The recent media attention on transgender bathroom policies serves as a reminder that employers should update their current policies to comply with new guidance and court decisions addressing gender identity and transgender rights.

In fact, in the midst of all of the debate in North Carolina surrounding its “bathroom bill,” which directs public schools and agencies to require that multiple-occupancy bathrooms and changing facilities be designated for use only by people based on their "biological sex,” the Equal Employment Opportunity Commission (“EEOC”) has put employers on notice of its position that denying an employee access to a restroom corresponding to the employee’s gender identity is sex discrimination in violation of Title VII of the Civil Rights Act (“Title VII”). While the EEOC’s guidance is not the law, it is persuasive authority for the federal courts, and should not be taken lightly.

The EEOC defines “transgender” as “people whose gender identity and/or expression is different from the sex assigned to them at birth.” The term transgender woman typically is used to refer to someone who was assigned the male sex at birth but who identifies as a female. Likewise, the term transgender man typically is used to refer to someone who was assigned the female sex at birth but who identifies as male. The EEOC further states that a person need not undergo any medical procedures to be considered transgender.

In Macy v. Department of Justice, the EEOC held that discrimination against a transgender person because of that person’s gender identity is, by definition, discrimination based on sex under Title VII. Specifically, the EEOC held that: (1) denying an employee equal access to a shared restroom corresponding to the employee's gender identity is sex discrimination; (2) an employer cannot condition this right on the employee undergoing or providing proof of a medical procedure; and (3) an employer cannot avoid the requirement to offer equal access to a common restroom by limiting a transgender employee to a single-occupancy restroom instead (though the employer can make a single-user restroom available to all employees who might choose to use it). EEOC Appeal No. 0120120821, 2012 WL 1435995 (April 20, 2012).

Similarly, the Department of Justice (“DOJ”) has publicly adopted the position that Title VII protects employees based on gender identity and recently filed a civil rights lawsuit over North Carolina’s “bathroom bill.” Additionally, in 2015, the Occupational Safety and Health Administration (“OSHA”) issued guidance on restroom access for transgender employees, stating that employers should permit employees to use the restroom that corresponds to their chosen gender identity, or alternatively, offer a single-occupancy unisex restroom.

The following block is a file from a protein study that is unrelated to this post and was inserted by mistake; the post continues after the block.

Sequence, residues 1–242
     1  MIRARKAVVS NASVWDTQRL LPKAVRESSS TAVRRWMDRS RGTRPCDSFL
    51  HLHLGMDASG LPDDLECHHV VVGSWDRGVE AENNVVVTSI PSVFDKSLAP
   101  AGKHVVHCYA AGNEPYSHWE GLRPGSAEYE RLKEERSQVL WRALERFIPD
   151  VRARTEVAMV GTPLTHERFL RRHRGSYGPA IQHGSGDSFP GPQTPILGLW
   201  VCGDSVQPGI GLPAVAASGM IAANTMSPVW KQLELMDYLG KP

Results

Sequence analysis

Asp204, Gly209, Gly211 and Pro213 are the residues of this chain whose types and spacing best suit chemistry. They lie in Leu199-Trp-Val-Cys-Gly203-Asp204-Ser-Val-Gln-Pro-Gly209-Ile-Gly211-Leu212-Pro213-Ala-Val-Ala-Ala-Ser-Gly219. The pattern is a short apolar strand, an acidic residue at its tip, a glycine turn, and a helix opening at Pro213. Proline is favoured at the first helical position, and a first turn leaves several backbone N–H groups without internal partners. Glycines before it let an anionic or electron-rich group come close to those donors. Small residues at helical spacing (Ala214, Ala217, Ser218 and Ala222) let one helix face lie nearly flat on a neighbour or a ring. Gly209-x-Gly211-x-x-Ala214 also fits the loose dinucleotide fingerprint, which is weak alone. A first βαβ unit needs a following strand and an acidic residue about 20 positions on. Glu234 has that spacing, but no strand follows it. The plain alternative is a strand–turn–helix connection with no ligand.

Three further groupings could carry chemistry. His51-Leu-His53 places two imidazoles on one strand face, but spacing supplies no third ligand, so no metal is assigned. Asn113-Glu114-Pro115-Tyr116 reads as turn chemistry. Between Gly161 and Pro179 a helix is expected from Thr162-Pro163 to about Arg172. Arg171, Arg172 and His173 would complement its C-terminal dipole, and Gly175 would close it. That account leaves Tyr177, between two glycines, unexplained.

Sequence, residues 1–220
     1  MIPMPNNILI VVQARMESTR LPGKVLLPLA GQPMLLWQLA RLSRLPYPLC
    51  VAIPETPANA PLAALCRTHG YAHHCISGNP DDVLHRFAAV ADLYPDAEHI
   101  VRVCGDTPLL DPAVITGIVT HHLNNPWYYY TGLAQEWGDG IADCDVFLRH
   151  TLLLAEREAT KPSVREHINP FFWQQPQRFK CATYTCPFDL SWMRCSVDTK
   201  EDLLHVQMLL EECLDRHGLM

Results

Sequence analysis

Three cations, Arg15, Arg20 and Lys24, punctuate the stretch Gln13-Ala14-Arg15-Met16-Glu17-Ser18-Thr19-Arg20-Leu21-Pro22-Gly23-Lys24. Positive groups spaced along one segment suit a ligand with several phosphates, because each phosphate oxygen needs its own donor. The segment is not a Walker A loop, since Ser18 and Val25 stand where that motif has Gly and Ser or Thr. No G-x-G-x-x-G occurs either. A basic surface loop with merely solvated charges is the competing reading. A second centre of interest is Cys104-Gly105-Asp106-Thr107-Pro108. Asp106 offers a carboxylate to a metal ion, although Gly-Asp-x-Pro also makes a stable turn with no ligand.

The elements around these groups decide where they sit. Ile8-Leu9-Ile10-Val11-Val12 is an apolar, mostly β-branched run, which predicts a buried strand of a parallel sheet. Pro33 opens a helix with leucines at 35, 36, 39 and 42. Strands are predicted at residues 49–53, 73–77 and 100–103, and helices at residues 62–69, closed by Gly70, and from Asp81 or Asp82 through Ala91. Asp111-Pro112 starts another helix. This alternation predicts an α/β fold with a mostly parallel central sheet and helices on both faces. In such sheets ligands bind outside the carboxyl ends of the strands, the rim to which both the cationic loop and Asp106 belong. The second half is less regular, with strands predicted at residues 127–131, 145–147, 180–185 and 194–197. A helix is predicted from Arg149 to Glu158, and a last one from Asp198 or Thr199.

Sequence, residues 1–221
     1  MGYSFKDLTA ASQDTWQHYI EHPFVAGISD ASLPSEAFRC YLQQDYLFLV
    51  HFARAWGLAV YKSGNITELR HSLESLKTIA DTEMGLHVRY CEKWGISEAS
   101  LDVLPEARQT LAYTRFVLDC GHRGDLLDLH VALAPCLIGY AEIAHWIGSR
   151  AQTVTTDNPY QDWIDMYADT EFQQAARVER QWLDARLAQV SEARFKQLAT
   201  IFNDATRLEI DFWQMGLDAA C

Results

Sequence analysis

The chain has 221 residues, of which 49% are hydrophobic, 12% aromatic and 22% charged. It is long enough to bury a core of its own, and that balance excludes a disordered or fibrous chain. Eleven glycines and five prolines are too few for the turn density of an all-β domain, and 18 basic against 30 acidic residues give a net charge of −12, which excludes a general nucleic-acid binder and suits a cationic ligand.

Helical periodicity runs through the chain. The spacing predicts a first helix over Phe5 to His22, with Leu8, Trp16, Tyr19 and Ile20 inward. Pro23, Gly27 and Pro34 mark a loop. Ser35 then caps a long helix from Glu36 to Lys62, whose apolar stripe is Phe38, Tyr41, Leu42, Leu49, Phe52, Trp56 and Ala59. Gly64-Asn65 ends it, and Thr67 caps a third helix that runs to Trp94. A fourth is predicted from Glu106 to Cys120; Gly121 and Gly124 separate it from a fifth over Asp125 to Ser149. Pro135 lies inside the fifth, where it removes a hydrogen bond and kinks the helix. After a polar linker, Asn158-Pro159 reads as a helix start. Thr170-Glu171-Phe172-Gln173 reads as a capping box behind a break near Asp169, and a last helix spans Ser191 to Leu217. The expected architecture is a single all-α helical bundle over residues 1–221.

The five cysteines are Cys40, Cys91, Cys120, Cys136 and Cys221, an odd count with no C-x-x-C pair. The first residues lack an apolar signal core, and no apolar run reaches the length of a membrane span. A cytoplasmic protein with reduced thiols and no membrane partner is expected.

Beyond the recent bathroom controversy, the EEOC has also found that the intentional misuse of a transgender employee’s new name and pronoun may constitute sex-based discrimination and/or harassment, and that an employer’s failure to revise its records pursuant to changes in gender identity creates a valid Title VII sex discrimination claim. See Jameson v. U.S. Postal Service, EEOC Appeal No. 0120130992, 2013 WL 2368729 (May 21, 2013) and Complainant v. Department of Veterans Affairs, EEOC Appeal No. 0120133123, 2014 WL 1653484 (April 16, 2014).

In 2015, the EEOC received 271 charges related to gender identity or transgender status. As more individuals openly identify as transgender, the EEOC is likely to see an increase in the number of discrimination charges filed. In light of the EEOC’s guidance and previous rulings, employers should consider the following steps to ensure compliance with Title VII with respect to transitioning employees:

  • Update policies relating to nondiscrimination, anti-harassment, and equal employment opportunity to include “gender identity and expression.”
  • Update policies that, inadvertently or intentionally, treat employees differently based on sexual orientation or gender identity.
  • Revise dress codes so that they are gender-neutral.
  • Address the transitioning employee by the name and pronoun that corresponds to his or her gender identity, and make sure all employees do the same. The deliberate refusal to respect an employee’s gender identity may constitute sexual harassment.
  • Permit employees to use the restroom corresponding to their gender identity. If a co-worker is uncomfortable sharing a restroom with a transitioning employee, that co-worker may choose other options, such as a unisex or other restroom.
  • Train managers and employees on nondiscrimination, anti-harassment, and the company’s procedure for reporting complaints.
  • Conduct more targeted trainings on nondiscrimination and anti-harassment, as well as employee privacy issues, when an employee is openly transitioning to a new gender identity.
  • Upon request by the transitioning employee, update the employee’s official record, e-mail address, name plate, etc. to reflect the name and gender change.

In this area of rapidly changing law, it is important that gender-based stereotypes, perceptions, or comfort level not interfere with the ability of any employee to work free from discrimination or harassment. Note that these protections do not require any employee to change their personal opinions, but as the law moves toward greater protection for transgender employees, employers may face legal risks by not proactively instituting new policies.